The proposed East Rhyl Coastal Defence Scheme already has planning permission and the backing of the council’s cabinet, but due to the cost it requires the approval of full council.
If approved at the 10th September meeting, the council will set up a coastal defence project board to deliver the scheme.
Balfour Beatty has been appointed as the main contractor and is working with Denbighshire County Council and JBA Consulting through early design and development works.
The project will involve the construction of a rock revetment structure immediately in front of the existing sea wall, with improvements to the existing wall over a length of around four hundred metres, from Splash Point heading east. Construction is expected to take 18 months.
Councillor Brian Jones, cabinet lead member for waste, transport and the environment, said: “We have made a firm commitment in our corporate plan to take action to prevent flooding in this part of Rhyl. Reducing the risk of flooding to homes and businesses through effective flood risk management, including investment in this flood and coastal defence scheme, can play a large role in delivering this ambition.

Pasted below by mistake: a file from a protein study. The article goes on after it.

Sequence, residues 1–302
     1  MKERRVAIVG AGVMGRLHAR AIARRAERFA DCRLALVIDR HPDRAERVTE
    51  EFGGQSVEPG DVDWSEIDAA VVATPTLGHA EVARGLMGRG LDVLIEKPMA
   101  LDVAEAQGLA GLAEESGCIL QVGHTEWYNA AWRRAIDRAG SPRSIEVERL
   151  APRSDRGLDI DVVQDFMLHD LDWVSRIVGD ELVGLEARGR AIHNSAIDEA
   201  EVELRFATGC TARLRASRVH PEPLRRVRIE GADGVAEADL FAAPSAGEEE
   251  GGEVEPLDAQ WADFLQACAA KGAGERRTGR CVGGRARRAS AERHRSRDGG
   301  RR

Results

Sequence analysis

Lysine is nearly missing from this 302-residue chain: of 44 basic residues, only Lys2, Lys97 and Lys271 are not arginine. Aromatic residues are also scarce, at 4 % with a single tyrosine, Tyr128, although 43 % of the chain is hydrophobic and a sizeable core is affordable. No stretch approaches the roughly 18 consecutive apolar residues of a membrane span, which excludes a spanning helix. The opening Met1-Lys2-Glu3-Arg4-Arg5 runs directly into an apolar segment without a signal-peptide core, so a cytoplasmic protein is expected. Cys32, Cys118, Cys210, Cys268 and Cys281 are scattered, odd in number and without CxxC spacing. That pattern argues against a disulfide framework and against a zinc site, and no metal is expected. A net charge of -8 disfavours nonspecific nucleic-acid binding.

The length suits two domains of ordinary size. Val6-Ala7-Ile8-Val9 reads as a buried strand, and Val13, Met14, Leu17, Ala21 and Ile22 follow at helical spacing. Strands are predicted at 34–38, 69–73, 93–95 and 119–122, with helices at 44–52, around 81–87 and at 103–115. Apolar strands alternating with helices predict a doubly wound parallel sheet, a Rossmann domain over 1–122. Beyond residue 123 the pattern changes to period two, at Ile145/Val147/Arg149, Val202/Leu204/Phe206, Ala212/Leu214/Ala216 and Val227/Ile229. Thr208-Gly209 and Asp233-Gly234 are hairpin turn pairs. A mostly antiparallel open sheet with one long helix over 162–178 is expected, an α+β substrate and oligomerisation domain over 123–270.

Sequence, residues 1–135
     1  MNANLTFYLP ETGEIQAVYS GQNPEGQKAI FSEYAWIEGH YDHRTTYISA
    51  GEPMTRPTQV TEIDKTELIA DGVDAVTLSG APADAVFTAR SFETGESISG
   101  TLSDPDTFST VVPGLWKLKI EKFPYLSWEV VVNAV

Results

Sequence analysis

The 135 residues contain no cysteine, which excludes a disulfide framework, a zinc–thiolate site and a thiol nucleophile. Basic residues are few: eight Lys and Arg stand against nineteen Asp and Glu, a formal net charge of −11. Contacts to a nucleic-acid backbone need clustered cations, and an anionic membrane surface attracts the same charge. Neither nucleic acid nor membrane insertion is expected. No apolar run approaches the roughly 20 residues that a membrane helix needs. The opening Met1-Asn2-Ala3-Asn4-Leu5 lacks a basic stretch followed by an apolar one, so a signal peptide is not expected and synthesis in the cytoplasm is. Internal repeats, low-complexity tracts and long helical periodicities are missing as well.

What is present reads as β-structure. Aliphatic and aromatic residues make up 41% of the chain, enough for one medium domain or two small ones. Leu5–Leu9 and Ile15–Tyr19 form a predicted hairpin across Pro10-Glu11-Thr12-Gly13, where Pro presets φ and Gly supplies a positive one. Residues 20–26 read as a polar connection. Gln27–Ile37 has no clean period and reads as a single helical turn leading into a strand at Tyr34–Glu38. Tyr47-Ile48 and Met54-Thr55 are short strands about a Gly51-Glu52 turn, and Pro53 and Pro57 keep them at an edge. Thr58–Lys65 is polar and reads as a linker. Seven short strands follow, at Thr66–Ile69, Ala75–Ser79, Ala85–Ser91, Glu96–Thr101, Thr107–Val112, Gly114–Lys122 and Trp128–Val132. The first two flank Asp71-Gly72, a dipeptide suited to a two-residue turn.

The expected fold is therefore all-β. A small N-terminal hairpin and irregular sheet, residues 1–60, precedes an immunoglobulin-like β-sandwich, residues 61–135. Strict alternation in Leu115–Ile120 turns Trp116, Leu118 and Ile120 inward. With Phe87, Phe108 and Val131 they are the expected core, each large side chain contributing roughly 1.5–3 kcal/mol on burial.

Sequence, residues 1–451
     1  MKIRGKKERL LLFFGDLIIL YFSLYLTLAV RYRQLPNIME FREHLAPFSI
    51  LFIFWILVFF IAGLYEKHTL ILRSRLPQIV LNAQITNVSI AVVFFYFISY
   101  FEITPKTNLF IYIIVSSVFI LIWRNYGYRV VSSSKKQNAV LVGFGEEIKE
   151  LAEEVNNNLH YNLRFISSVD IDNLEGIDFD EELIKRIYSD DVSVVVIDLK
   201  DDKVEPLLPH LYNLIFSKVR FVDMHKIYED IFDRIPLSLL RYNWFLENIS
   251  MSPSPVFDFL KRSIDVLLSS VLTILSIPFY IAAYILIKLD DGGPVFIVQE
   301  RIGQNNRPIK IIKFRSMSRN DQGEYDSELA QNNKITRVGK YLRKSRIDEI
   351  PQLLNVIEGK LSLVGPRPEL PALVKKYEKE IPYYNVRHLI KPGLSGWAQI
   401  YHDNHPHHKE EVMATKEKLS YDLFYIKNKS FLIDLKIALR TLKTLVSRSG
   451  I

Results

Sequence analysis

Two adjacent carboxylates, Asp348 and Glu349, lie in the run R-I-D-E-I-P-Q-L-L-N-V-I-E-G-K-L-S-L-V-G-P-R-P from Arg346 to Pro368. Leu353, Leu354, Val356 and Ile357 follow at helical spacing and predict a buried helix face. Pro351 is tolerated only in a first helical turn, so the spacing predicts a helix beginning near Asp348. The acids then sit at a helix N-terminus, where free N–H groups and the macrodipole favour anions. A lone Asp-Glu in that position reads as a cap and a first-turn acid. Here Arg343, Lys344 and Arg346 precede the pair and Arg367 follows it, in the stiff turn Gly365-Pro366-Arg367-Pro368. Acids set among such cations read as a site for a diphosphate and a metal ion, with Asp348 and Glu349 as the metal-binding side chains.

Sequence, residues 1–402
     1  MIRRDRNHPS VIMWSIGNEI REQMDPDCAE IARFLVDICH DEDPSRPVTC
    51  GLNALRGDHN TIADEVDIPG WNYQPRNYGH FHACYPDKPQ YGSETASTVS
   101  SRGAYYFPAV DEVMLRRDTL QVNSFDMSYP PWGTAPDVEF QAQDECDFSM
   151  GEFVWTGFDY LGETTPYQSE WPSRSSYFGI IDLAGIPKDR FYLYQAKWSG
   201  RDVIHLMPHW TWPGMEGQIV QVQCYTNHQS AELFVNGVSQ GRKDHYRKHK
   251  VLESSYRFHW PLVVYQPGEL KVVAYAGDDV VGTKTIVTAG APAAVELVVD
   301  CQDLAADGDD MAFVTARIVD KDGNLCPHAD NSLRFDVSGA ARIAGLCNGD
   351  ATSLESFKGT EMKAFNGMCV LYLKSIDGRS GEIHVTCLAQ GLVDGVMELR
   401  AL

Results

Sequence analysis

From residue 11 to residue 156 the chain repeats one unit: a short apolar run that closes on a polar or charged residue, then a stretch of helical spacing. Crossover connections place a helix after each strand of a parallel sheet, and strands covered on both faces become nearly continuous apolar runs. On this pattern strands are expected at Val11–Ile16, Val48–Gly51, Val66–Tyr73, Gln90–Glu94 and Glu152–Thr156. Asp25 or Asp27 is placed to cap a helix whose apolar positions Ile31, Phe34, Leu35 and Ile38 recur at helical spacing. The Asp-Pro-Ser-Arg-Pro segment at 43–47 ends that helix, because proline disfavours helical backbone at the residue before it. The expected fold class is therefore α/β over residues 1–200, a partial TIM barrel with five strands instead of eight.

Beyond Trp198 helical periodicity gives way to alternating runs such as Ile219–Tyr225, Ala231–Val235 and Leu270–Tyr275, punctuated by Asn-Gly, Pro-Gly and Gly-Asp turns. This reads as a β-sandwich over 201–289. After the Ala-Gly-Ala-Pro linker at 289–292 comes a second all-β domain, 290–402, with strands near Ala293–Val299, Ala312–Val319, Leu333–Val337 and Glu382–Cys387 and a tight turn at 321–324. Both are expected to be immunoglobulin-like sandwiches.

An investigation into the 2013 floods in the area showed properties could be flooded during a 1 in 20 year event. 140 properties in the Garford Road area were affected and hundreds of residents evacuated. The planned scheme would provide protection for 1,650 properties.
Cllr Jones said: “The storm served as a stark reminder of the vulnerability of the coastal flood defences in East Rhyl. There has also been erosion of existing defences over the years and there is always a risk of the defences failing. There are also concerns that the impact of climate change could see sea levels rise and increased frequency of storms could also increase the risk of flooding. That is why we are proposing a scheme that would significantly reduce the risk of flooding to homes and businesses and offer some peace of mind to those residents who were affected in the 2013 floods.”